In business, you can arguably define "greatness" by looking at the numbers. 

In his 2001 book Good to Great: Why Some Companies Make the Leap... and Others Don'tauthor Jim Collins famously said "great" companies are the ones whose stock returns beat the market by an average of seven times in 15 years.

But what if you're talking about athletes?

In sports, statistics can be deceptive. A standout soloist can rack up gaudy numbers while his team still loses. But Los Angeles Lakers guard Kobe Bryant--whose stellar, 20-year career is slated to end next month with his retirement--is the rare athlete who's amassed astronomical individual statistics while leading his team to victory.

In his first 17 seasons, Bryant's Lakers teams won five titles and twice lost in the NBA Finals. That's seven NBA Finals appearances in 17 years, a pace of greatness Collins could surely appreciate. In the remaining 10 seasons, Bryant's teams made the playoffs nine times, advancing past the first round on six of those nine occasions. 

The upshot: Bryant has performed for winning teams, all while setting records for individual achievement. He made the All-Star Team 18 times, ranking behind only Kareem Abdul-Jabbar. He made the All-NBA First Team 11 times, tying him with Karl Malone. He is also a nine-time All-Defensive First Team selection, tying him with a handful of other greats (Michael Jordan, Gary Payton, Kevin Garnett). 

But on Bryant's path to immortality, what were the key milestones--the moments at which he staked his claim to certifiable greatness? Here's my personal selection of Bryant's five signature moments, going in chronological order:

1. Bryant's rookie season (1997) ends with airballs. The first Lakers team Bryant played on was a good one. The starting backcourt of Nick Van Exel and Eddie Jones was one of the NBA's best. It was no disgrace that Bryant--still learning at age 18--was coming off the bench behind them. 

The Lakers made it to the second round of the playoffs, at which point they faced a mighty opponent: A Utah Jazz team led by Malone and John Stockton. This Jazz squad would eventually reach the NBA Finals before losing to Jordan's legendary Chicago Bulls teams. The Lakers were overmatched from the first. In the fifth and final game of the series, Bryant received more playing time than usual, with teammates Byron Scott injured and Robert Horry getting ejected.

And when superstar teammate Shaquille O'Neal fouled out near the end of the game, Bryant seized the opportunity to step forward and lead. But he wound up shooting four airballs at critical moments--one as the potential game-winning shot in the fourth quarter, and three more in overtime. Though he had choked under pressure, he showed he wasn't afraid to fail. Of this performance, O'Neal said: "[Bryant] was the only guy who had the guts at the time to take shots like that."

2. Bryant leads the comeback against the Portland Trail Blazers in Game 7 of the Western Finals (2000). By this time, Bryant had come into his own. He was an all-star. The Lakers, led by Bryant, O'Neal, and former Bulls coach Phil Jackson, had won 67 games--one of the best regular seasons in NBA history. They seemed to be on the precipice of their first title. But a stubborn Portland Trail Blazers team stood in the way. And in the seventh and deciding game of the series, the Lakers found themselves trailing by 16 points in the fourth quarter.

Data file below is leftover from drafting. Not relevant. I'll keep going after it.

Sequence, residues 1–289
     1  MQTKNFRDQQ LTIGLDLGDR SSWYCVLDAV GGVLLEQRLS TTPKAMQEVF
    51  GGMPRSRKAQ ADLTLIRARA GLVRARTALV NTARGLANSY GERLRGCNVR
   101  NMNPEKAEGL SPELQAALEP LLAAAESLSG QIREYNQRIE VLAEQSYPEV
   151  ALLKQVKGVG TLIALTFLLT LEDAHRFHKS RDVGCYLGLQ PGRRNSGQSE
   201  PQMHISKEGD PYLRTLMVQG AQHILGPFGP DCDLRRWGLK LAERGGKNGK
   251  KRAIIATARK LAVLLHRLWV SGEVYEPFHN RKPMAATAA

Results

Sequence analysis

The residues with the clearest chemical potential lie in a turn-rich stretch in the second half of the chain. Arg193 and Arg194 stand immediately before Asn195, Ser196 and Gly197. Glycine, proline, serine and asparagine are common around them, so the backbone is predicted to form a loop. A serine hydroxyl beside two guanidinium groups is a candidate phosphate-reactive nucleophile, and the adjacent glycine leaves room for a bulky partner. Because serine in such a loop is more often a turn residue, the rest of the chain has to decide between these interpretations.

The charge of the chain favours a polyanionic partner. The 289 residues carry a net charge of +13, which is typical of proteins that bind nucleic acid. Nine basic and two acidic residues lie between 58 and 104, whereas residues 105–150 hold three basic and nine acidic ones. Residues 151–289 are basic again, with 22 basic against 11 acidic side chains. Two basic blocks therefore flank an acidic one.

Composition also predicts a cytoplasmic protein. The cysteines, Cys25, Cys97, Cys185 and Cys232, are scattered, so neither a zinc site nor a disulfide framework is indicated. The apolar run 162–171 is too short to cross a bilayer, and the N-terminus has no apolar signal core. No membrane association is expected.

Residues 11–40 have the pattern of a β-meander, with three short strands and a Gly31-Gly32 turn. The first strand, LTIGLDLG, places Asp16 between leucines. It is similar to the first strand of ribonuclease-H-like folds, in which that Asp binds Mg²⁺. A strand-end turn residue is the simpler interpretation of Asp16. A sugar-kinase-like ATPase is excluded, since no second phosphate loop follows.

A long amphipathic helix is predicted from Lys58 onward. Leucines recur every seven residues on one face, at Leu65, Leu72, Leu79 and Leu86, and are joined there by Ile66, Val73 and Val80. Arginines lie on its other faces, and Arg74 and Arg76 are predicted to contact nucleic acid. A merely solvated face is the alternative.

Together, Bryant and O'Neal led the Lakers comeback. Bryant finished the game with 25 points, 11 rebounds, seven assists and four blocked shots. And instead of being just another regular-season juggernaut that stalled in the playoffs, the Lakers were on their way to the NBA Finals. And Bryant was on his way to his first title. 

3. Bryant delivers in the NBA Finals after O'Neal fouls out (2000). In the fourth game of the 2000 NBA Finals, the Lakers' opponent--the Indiana Pacers--seemed as if they were on the verge of knotting the series at two games apiece. The game went into overtime. Then O'Neal fouled out. This time, Bryant didn't choke. In a story that could've come from a Hollywood script, he made clutch shot after clutch shot and carried the Lakers to victory. He did it on a throbbing ankle, which had caused him to miss Game 3 of the series, a Pacers victory. He was 21 years old. 

4. Bryant scores 81 points in a game (2006). In a relatively meaningless regular season game against the Toronto Raptors, Bryant scored 81 points in a 122-104 win for the Lakers. It was the second-highest single-game total in NBA history, exceeded only by Wilt Chamberlain's famous 100-point game in 1962. It was the high-water mark in an exceptional individual season for Bryant, in which he led the league in scoring, averaging 35.4 points per game--only the fifth player in NBA history to exceed the 35-point-per-game mark. While it was not a stellar season for the Lakers, it was a solid one: They finished 45-37 and lost a competitive, seven-game series in the playoffs to a dynamite Phoenix Suns squad. 

5. Bryant wins his first title without O'Neal (2009). After a superb regular season of 65 wins--the best record in the NBA that year--the Lakers reached the NBA Finals, where they drubbed the Orlando Magic in five games. It was Bryant's fourth title. Significantly, it was his first without O'Neal, who had already captured his first title without Bryant in 2006. By capturing a title without O'Neal, Bryant put to rest the notion that--for all his greatness--he still needed a teammate of O'Neal's caliber to prevail when it mattered most. The next season, Bryant and the Lakers won the title again, giving Bryant five for his career--one more than O'Neal and just one fewer than Jordan. 

Now that's the stuff of greatness.